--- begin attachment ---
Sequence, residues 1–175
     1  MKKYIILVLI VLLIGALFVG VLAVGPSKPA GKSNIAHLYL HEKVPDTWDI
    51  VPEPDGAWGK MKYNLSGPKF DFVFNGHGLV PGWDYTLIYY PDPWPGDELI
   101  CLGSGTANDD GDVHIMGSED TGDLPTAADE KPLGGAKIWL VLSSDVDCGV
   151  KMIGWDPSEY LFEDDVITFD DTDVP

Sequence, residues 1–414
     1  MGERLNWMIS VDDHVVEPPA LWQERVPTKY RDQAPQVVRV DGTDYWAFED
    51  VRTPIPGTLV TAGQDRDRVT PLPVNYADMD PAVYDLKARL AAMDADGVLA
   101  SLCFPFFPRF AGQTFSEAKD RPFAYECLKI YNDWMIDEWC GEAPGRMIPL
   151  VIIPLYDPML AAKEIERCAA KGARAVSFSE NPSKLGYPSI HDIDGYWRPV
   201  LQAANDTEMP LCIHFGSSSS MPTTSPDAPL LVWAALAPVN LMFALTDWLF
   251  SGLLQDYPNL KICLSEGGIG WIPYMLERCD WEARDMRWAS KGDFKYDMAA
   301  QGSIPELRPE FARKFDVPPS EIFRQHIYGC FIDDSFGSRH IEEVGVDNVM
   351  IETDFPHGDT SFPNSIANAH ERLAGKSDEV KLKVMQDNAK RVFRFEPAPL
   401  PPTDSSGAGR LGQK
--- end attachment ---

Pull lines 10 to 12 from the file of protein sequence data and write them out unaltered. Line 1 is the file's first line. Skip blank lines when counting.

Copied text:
   151  VIIPLYDPML AAKEIERCAA KGARAVSFSE NPSKLGYPSI HDIDGYWRPV
   201  LQAANDTEMP LCIHFGSSSS MPTTSPDAPL LVWAALAPVN LMFALTDWLF
   251  SGLLQDYPNL KICLSEGGIG WIPYMLERCD WEARDMRWAS KGDFKYDMAA